News and Commentary Archive

Explore recent scientific discoveries and news as well as CLBB events, commentary, and press.


The speed of technology in neuroscience as it impacts ethical and just decisions in the legal system needs to be understood by lawyers, judges, public policy makers, and the general public. The Massachusetts General Hospital Center for Law, Brain, and Behavior is an academic and professional resource for the education, research, and understanding of neuroscience and the law. Read more

Promises, promises for neuroscience and law

By Joshua Buckholtz and David Faigman | Current Biology | September 2014


Stunning technical advances in the ability to image the human brain have provoked excited speculation about the application of neuroscience to other fields. The ‘promise’ of neuroscience for law has been touted with particular enthusiasm. Here, we contend that this promise elides fundamental conceptual issues that limit the usefulness of neuroscience for law. Recommendations for overcoming these challenges are offered.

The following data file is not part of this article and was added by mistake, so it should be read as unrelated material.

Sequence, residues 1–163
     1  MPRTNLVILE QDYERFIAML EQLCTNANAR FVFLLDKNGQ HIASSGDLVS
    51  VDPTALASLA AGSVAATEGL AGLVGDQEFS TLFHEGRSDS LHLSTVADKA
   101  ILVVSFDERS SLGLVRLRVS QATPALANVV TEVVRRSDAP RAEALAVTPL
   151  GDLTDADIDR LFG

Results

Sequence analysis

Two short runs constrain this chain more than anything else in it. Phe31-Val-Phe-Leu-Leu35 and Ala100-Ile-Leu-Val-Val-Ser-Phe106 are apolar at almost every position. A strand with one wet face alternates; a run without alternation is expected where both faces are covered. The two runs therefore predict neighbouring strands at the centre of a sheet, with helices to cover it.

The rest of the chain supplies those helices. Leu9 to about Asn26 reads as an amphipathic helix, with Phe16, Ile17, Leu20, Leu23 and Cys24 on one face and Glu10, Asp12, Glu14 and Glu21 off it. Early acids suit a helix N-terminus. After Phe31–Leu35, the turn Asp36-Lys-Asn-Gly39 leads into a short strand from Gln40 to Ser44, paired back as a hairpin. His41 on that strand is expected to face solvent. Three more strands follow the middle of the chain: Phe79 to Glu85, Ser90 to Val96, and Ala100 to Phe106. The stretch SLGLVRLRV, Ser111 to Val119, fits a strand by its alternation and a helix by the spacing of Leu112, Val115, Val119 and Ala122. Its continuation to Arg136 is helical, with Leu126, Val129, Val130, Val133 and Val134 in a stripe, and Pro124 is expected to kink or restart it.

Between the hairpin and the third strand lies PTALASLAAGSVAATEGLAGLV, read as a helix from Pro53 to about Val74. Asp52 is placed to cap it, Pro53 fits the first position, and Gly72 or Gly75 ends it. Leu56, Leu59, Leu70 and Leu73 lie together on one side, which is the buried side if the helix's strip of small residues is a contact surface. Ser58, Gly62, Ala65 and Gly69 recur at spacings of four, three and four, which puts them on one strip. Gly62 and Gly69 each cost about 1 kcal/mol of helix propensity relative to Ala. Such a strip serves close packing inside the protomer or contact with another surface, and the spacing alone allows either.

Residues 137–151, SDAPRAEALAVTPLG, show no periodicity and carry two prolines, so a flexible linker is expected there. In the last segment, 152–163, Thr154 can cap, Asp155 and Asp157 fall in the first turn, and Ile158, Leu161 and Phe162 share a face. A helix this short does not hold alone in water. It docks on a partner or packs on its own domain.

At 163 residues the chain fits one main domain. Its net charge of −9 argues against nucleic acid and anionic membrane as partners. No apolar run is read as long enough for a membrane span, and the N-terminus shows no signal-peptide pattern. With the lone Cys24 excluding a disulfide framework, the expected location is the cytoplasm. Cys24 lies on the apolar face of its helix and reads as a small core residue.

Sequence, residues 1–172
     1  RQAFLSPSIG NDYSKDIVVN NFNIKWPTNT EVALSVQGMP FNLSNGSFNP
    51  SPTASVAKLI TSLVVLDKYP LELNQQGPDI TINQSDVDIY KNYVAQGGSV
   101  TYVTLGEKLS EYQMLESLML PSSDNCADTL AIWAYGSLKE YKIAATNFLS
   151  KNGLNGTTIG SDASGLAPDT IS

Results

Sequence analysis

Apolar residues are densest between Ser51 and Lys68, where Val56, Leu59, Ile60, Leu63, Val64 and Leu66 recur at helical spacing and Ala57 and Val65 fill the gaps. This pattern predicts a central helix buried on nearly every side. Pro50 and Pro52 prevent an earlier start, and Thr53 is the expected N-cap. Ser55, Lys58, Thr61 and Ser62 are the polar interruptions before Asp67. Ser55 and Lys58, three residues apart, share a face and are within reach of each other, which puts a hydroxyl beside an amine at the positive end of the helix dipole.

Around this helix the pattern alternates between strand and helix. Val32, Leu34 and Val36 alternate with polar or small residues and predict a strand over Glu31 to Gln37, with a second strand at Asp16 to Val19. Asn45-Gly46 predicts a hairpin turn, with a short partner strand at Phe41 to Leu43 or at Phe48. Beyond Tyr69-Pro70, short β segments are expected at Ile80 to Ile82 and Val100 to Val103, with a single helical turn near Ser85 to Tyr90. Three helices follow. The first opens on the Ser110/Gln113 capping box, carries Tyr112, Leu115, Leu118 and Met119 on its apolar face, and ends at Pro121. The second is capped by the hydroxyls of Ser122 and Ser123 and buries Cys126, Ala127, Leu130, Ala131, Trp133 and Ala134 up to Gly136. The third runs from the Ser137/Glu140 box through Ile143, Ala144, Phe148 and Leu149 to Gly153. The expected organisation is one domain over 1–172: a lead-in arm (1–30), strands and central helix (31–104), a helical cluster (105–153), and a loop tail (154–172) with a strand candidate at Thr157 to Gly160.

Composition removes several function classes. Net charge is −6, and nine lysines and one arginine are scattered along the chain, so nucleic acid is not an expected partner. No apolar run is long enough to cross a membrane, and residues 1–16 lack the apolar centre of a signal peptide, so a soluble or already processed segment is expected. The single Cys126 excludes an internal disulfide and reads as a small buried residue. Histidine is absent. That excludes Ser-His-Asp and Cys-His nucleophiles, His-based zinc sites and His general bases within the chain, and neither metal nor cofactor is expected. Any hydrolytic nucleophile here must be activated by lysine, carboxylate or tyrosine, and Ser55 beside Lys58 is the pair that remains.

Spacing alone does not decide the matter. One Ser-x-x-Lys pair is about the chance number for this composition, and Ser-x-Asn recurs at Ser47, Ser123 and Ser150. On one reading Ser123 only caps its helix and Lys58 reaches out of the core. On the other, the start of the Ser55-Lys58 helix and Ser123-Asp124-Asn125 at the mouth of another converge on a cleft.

Read the full paper here.

Neuroprediction and Crime

Sixty minutes goes by in the blink of an eye. It’s barely enough time to accomplish much of anything, really. But by the next tick of the long hand, two Americans will have lost their lives to acts of violence. In that same hour, 250 more will need medical treatment for a violence-related injury. As the hours pass, so mount the costs: on average $1.3 Million for each violent fatality and $80,000 for each non-fatal assault. Each year, nearly 3% of our country’s gross domestic product is lost due to violence.

As these staggering numbers make clear, violent crime is one of the most pressing public health problems of our age. Scientists have a duty to address large-scale social problems like violent crime, and scientific research aimed at preventing antisocial behavior would seem likely to provide a particularly good return on taxpayer investment. But to what extent can science actually help? I believe there is a considerable disconnect between the aims of science and the goals of criminal law, and that should lead us to be cautious. Continue reading »